This invention involves mounting a camera onto a video-imaging personal computer. The mount is to be low-cost and stable while minimizing cost and enhancing security against theft. In a preferred application, it facilitates mounting a digital-portrait-camera removably onto a personal computer--both of general known construction--to facilitate on-the-spot issuance of a license (e.g., by motor vehicle authorities).
Workers in the fields of camera use, and of small computer terminals are familiar with the many and various applications which are being devised, as the associated hardware becomes more readily available and reasonably priced. Digital, electronic capture of images is changing from a high-cost, technology-intensive operation to a relatively simple and low-cost task which is apt for many repetitive activities found in daily life. The advent of multiple, high-speed digital data communication has made the use of digital imaging more attractive, since it allows one to instantly, reliably transmit captured images over great distances at low cost. Similarly, the advent of powerful, yet affordable personal computers and their associated software has brought advanced techniques for storing and manipulating such captured images, and integrating them electronically and instantaneously (e.g., with other images and related data such as text and numbers).
Our interest is in applying such concepts to various mass-market applications; particularly for developing a portrait-based licensing or like personal identification system. For instance, this teaches a PC network of terminals apt to capture a subject's image and use it to prepare his driver's license. However, workers will realize that there are many related applications in other fields, such as for preparation of other "identity documents" (e.g, credit cards and credentials of many kinds).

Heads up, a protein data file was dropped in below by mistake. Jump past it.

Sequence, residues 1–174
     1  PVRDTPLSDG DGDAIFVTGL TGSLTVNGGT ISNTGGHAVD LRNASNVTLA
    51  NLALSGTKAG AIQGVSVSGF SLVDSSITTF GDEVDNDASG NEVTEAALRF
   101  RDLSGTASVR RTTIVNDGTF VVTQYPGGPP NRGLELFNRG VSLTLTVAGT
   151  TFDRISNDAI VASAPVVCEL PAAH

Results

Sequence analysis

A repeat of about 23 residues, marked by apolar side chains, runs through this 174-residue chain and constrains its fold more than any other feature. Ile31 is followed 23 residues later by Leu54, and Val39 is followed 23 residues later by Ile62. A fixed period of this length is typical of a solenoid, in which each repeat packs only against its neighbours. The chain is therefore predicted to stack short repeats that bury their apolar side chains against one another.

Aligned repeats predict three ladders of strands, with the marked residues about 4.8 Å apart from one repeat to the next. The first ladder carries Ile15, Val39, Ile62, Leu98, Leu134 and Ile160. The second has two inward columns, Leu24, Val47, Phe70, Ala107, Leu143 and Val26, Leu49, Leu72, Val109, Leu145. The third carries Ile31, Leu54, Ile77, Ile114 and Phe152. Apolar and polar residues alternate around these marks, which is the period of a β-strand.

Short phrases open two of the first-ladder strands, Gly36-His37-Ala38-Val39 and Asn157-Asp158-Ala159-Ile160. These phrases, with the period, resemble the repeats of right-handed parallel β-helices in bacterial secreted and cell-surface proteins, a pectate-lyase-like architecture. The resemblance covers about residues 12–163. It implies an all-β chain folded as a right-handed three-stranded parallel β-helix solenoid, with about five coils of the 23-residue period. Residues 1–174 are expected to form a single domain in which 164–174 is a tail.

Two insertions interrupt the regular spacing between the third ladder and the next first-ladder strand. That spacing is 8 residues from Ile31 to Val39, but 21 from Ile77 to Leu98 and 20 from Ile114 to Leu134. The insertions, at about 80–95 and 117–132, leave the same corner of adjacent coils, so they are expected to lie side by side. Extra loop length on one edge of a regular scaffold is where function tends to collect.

Such "identity documents" are presently prepared using a mixture of photographic, printed and handwritten data which must be combined into a single item (a driver's license, for example) by relatively costly and time-consuming methods. The systems we here envision replace a series of processes with a single, digital technique which combines all these separate, conventional elements into a single system which is capable of producing a finished product, doing so almost instantly and at the point of consumer contact.
Workers in the art will readily understand that such a system must be capable of accepting a variety of inputs, depending upon the nature of the credential to be produced. Apart from regular text, which may be simply and reliably produced by relatively conventional digital means, such a system would, ideally, accept an "electronic portrait" of the consumer (typically in color), and incorporate it with text, with handwritten input such as a signature, and with other physical identification indicia such as a fingerprint, retinal scan, or the like. Devices to capture all this various disparate data and render it in a digital form apt for electronic transmission and reproduction are available and may be easily applied in such a system. We prefer to combine all these elements into a system which is driven and monitored by a conventional personal computer, which serves to accept input from the various devices and, by means of custom software (not described here, but well understood in the art), to combine the data in whatever fashion a user may desire. Here, the personal computer is also the means whereby the combined data may be rendered into a tangible credential (license) according to the format desired by the user, and is also the means by which the captured data may be transmitted (in this or other forms), as the user's application dictates.